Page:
Schultz may have grown up in Brooklyn, N.Y., but he’s loyal to his adopted hometown. He’s asked a U.S. District Court to un-do the deal because it was based on the assumption that the Sonics would remain in Starbucks’ home base. The team would still be sold, the complaint reportedly states. But Schultz would like to find an “honest buyer” who’d keep the Sonics in the only city the team has ever known, the Associated Press reported this morning.
Bennett, meanwhile, could end up as the trial lawyers’ poster child of 2008. He’s also being sued by the city of Seattle and fans who bought season tickets to the Sonics for future years.
Bennett has already agreed to give up the Seattle SuperSonics name, clearing the way for Seattle to secure another franchise. But he seems to be proceeding with his relocation plan. The NBA gave him a green light Friday to make the move, pending the outcome of his court fight with Seattle.
Monday, April 21, 2008
Hearing the local purveyors tout their wares, you’d think the food trends of Lucca, Italy, were the same currents shaping menus back in the United States. The salespeople—nearly always the farmers or artisans who produced the materials—talked up the organic, healthful and gluten-free items that originated from their fields. Throw in the boasts about everything being locally sourced, processed by hand, and produced according to ancient family recipes, and you could’ve been at a food show in New York or San Francisco. Until you got to the farro beer, the chestnut liqueur, or the savory-sounding jams.
Lucca, a part of Tuscany, may be little-known in the U.S., but it’s renowned throughout Europe for its extra virgin olive oil, boutique wineries, and farro, the grain known in English-speaking countries as spelt. Locals also wax rhapsodically about the widespread local use of chestnuts, either by milling them into flour for cakes, breads or pastas, or as a flavoring.
Those items continue to be the bedrock of the local food culture. But a younger generation of producers and consumers are nudging the heritage-revering area to at least look at other ways of using traditional ingredients.
For instance, at a trade show convened for those of us who were visiting from the States, one of the local craftsmen poured samples of his newest beers. One was an extremely light, almost lager-style version made from farro and orzo, also an Italian signature. The other, he said with nearly bursting pride, was made solely with farro, something he’d been told could not be done because of the production inefficiencies.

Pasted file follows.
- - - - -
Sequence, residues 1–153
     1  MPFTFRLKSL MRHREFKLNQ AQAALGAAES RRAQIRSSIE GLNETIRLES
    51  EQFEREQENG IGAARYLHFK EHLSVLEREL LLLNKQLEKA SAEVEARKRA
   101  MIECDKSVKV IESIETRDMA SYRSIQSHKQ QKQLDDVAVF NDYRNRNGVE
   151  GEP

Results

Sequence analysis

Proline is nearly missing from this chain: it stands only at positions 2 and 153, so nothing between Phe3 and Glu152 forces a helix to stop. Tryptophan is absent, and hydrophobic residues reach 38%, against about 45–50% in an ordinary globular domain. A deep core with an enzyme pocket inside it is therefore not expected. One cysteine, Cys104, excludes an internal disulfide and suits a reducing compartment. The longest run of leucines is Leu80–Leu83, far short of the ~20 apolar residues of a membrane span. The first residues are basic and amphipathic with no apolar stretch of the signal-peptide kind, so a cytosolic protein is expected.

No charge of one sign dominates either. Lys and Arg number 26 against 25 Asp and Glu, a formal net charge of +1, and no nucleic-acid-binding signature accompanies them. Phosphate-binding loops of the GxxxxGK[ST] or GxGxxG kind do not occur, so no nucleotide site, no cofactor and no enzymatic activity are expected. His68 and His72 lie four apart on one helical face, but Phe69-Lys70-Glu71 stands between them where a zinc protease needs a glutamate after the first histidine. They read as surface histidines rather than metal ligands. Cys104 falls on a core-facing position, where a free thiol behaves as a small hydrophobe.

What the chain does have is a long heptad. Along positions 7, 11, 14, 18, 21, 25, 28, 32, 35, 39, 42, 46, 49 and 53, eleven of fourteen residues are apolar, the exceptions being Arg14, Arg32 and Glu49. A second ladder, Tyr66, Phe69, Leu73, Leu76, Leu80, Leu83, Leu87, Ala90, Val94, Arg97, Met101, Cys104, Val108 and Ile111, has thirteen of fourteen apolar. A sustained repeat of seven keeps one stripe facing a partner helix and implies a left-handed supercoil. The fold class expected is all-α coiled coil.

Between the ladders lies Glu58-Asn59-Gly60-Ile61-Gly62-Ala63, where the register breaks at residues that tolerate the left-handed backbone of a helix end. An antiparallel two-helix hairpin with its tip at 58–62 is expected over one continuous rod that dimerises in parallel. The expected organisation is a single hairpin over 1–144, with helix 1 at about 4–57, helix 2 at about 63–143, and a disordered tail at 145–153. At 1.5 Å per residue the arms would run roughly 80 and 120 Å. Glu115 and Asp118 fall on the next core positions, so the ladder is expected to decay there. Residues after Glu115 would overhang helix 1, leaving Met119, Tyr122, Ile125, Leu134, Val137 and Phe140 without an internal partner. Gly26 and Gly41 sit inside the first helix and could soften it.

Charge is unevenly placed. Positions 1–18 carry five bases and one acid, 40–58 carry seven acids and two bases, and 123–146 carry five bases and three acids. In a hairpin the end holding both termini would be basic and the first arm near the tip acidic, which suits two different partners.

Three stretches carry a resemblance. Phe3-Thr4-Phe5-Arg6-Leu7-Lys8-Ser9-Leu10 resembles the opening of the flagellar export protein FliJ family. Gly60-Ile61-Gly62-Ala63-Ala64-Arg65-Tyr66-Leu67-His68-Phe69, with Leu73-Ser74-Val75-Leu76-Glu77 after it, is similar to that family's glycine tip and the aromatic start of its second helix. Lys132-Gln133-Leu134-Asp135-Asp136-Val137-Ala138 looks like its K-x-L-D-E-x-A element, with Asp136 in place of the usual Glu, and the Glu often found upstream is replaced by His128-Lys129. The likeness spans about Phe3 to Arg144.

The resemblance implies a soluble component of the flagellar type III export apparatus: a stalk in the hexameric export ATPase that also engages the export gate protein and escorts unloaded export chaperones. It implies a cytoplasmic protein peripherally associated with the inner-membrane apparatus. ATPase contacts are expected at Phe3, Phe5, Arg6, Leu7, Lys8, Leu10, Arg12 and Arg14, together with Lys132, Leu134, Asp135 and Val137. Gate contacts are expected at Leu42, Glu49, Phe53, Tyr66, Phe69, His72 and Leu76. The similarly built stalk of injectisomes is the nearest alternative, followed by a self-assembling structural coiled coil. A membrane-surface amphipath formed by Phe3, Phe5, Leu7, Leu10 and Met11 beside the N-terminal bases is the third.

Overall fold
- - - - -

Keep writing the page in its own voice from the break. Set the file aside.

The 100-percent farro beer, as yet even unnamed, is the same pale yellow as a wheat beer, minus the cloudiness. Indeed, it was crystal-clear, with a head “that could last for two hours,” the brewer explained through an interpreter. I swear I saw a tear forming in his eye.
The brew also has a much lower alcohol content, a mere 4 percent.
The brewer described the beer was an alternative to the darker, slightly heavier brews that Italian elders in the area might’ve sipped when they were youngsters learning the traditions of their elders.
A tour of local food shops and cafes revealed that younger Italians are indeed drinking differently than their parents did. Aperitifs, my tour guide explained, are the current rage among people in their 20s. They’ll head to the same time-steeped cafés where their grandparents might still stop by in the afternoon for a local digestif called biadina, which is served with a few pignoli thrown into the glass. The young adults descend on the places at 7 for aperitifs of one sort or another, often garnishing them with nuts, raisins or other enhancements that are arrayed in glass bowls on the bar. At 9, they head off to dinner, which of course is accompanied by wine.
A liqueur company participating in the Lucca trade show acknowledged that it’s had to make some accommodations to changing drinking habits. The buzz-phrase is “doing it for the market.” The owner cited such concessions as the introduction of a drink that tastes like dark rum, as well as a creamy limoncella and a liqueur, called Halloween, whose flavor was lost to language differences. His product line also includes a chestnut-flavored liqueur.
Several of the trade-show exhibitors featured jams of local produce—such local fruits as raspberries and currents (or what we’d know as blueberries, judging from the labels), to be sure, but also carrots, pumpkins and basil, to name just a few. Samples were given on bread, leading me to say something extremely intelligent about what a strong toast market Lucca must have. I was quickly corrected. In Lucca, one interpreter explained, persons of taste put jams and marmalades on cheese, as an alternative to using honey. Surely I must put honey on my cheese, she suggested. I couldn’t even bring myself to answer. Clearly it was yet another major setback in other cultures’ impression of America.